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Ben Nielsen

Beyond the shroud of humour, Ruthless! manages to shed light on the harsh realities of show business.

Madison Russo and Katrina Retallick. Image by Blueprint Studios.

‘Talent! Where does it come from?’ asks the fur-coated enigma, appearing from within a shroud of darkness. ‘Is it a product of environment, something you pick up off the street? Or is talent something you’re born with? I wonder…’

So Judy Denmark enters the stage, a contented housewife who is torn between giving her daughter Tina a normal life or the heading towards the limelight for which she so desperately yearns. With her mother remaining ambivalent, Tina instead finds creative nourishment from pushy talent agent Sylvia St. Croix. Despite this, her stage debut in the school production doesn’t go quite as planned. Tina’s road to fame is inevitable though – no matter who is hurt, or killed, in the process.                                   


Since it’s off-Broadway debut in 1992, Ruthless! has achieved cult status, but paradoxically remains relatively unknown. With references both in the score and script, the musical overtly parodies others like Mame and Gypsy. In doing so, it also ridicules itself. Joel Paley employs every cliché and hackneyed plot point, but this works in the narrative’s favour. Everything seems acceptable in this 1950s-style melodrama, and somehow, Ruthless! seems outrageously fresh.

Paley has made revisions specifically for this production, but his book remains as sharp as ever. While his observations are sometimes cruel and sardonic, Paley’s writing is quick and witty: ‘Show people are doomed; doomed to a lifestyle of booze and pills and heavy meals late at night.’

Beyond the shroud of humour, Ruthless! manages to shed light on the harsh realities of show business: the competiveness, the superficiality, the cost of celebrity, and the power of criticism. The relationship between old and young seems to be of constant fascination to Paley, more so with the almost adulterous intrusion of show business.

The plot is generally predictable, until the twists of the final scene. It’s not the narrative that remains with the audience though, but Marvin Laird’s score. The musical content is far from innovative, yet Laird creates a comforting familiarity as he pays homage to a golden era of Broadway. This is exemplified by ‘Born to entertain’, ‘I hate musicals’, and Lucy Durack’s pre-recorded cameo in ‘Unkie’s Muncle’. The score peaks with the titular song, the syncopated melody of ‘Ruthless’ indelibly etched in the mind long after the house lights are lifted.

Christopher Horsey’s fabulously gaudy choreography came to full fruition in the full-ensemble finale, and is matched by a dynamic lighting design. The production was sadly disappointed by unbalanced and inaudible sound. The sloppiness of this operation became more apparent throughout the performance.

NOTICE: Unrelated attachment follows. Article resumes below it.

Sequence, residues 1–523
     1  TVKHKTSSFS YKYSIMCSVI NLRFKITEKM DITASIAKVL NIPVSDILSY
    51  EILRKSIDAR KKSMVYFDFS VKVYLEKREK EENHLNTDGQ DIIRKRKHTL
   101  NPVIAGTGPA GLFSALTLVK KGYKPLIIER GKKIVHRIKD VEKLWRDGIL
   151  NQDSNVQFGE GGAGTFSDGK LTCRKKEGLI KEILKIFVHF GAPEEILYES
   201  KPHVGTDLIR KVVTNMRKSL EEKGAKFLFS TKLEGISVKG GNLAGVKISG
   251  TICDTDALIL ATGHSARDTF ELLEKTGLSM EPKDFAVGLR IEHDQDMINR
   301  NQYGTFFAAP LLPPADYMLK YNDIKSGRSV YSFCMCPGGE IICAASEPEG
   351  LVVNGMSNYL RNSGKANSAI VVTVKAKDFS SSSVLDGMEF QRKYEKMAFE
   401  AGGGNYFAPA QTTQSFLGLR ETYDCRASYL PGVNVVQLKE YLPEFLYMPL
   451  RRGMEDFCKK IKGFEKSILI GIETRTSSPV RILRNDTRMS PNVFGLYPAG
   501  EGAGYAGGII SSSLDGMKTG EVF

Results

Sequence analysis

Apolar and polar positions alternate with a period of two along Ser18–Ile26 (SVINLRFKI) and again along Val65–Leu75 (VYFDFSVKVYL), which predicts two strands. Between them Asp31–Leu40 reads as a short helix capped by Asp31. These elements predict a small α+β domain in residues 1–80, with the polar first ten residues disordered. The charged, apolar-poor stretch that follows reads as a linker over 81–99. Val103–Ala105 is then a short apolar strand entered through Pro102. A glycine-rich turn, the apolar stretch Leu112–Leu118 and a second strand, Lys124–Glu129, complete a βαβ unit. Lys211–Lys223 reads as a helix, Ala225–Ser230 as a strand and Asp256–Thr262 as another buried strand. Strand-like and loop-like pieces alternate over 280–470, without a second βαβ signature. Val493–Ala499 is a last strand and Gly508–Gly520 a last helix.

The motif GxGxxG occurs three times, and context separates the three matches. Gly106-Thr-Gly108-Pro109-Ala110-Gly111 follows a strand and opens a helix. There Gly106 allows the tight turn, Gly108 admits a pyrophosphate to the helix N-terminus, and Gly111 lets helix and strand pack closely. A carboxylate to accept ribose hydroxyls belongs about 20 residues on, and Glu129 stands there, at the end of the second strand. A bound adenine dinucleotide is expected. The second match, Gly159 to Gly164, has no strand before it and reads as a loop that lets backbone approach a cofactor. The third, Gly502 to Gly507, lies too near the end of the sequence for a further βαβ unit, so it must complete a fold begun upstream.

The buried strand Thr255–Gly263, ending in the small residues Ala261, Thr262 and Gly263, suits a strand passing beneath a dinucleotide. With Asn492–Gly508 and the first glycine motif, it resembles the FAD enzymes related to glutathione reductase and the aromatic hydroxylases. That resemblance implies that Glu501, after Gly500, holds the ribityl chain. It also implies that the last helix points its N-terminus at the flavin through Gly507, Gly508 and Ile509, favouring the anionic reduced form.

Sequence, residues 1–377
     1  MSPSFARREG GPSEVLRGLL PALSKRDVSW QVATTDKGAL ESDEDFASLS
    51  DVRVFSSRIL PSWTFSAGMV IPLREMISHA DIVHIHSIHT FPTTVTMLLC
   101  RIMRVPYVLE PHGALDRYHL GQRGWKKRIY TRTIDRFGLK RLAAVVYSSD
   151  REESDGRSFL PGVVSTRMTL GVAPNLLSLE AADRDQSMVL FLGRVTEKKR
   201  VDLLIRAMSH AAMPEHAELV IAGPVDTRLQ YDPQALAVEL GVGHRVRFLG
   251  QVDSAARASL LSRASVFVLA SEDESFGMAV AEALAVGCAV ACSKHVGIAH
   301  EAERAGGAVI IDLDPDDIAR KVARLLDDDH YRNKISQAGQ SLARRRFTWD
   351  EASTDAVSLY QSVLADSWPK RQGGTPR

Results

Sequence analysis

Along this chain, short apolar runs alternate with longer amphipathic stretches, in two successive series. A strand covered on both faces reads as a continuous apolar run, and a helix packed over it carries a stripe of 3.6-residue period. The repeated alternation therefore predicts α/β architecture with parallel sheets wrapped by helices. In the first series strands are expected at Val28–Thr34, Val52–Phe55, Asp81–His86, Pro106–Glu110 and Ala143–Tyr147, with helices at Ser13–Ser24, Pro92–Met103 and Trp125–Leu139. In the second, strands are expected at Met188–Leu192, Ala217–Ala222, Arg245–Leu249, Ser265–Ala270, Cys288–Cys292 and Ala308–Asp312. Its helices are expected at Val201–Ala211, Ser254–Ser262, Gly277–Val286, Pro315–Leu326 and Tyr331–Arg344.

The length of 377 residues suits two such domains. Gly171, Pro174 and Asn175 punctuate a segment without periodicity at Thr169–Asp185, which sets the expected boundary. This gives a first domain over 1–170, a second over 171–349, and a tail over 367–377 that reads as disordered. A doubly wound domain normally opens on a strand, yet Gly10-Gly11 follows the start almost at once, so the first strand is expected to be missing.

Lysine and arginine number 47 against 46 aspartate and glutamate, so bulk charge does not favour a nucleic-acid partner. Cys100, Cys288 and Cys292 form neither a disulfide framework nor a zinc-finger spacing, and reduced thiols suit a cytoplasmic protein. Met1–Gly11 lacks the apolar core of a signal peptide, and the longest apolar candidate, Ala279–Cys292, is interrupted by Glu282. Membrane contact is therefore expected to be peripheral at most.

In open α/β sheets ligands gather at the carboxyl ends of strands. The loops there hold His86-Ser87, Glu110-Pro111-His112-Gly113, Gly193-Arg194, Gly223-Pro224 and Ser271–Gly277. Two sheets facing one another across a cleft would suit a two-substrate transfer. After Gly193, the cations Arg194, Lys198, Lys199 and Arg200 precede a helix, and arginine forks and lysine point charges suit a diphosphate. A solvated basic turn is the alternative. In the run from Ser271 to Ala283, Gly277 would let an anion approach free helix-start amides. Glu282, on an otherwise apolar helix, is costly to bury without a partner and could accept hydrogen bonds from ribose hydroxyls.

In its Australian premiere, the production features an enviable cast including Meredith O’Reilly, Caitlin Berry and Margi De Ferranti. The presence of these leading ladies destines the show for success, and undoubtedly assists at the box office.

Amid the marquee of talent, Katrina Retallick shines with impeccable vocals and comic ability in the role of Judy. Geraldine Turner is scathing as theatre critic Lita Encore, but still received cheers and applause when she made her grand entrance. Ultimately, the spotlight is hard to steal from Madison Russo as the precocious and manipulative Tina. Despite her youth, Russo manages to belt out the highest notes, dance through a catalogue of genres, and also act with conviction. Bravo.

Rating: 4 stars out of 5


A Theatre Division production
Book and Lyrics by Joel Paley
Music by Marvin Laird
Directed by Lisa Freshwater
Set and Costume Design: Mason Browne
Lighting Design: Martin Kinnane
Performed by Kartrina Retallick, Margi de Ferranti, Meredith O’Reilly, Caitlin Berry, Jade Gillis, Madison Russo and Geraldine Turner

Reginald Theatre, Seymour Centre, Chippendale
19 June – 5 July

What the stars mean?
  • Five stars: Exceptional, unforgettable, a must see
  • Four and a half stars: Excellent, definitely worth seeing
  • Four stars: Accomplished and engrossing but not the best of its kind
  • Three and a half stars: Good, clever, well made, but not brilliant
  • Three stars: Solid, enjoyable, but unremarkable or flawed
  • Two and half stars: Neither good nor bad, just adequate
  • Two stars: Not without its moments, but ultimately unsuccessful
  • One star: Awful, to be avoided
  • Zero stars: Genuinely dreadful, bad on every level

About the author

Ben Nielsen is a Sydney-based writer and broadcaster. He regularly contributes to Limelight magazine and ArtsHub, and has also written for News Corp Adelaide and SALife Publications. Follow @benjnielsen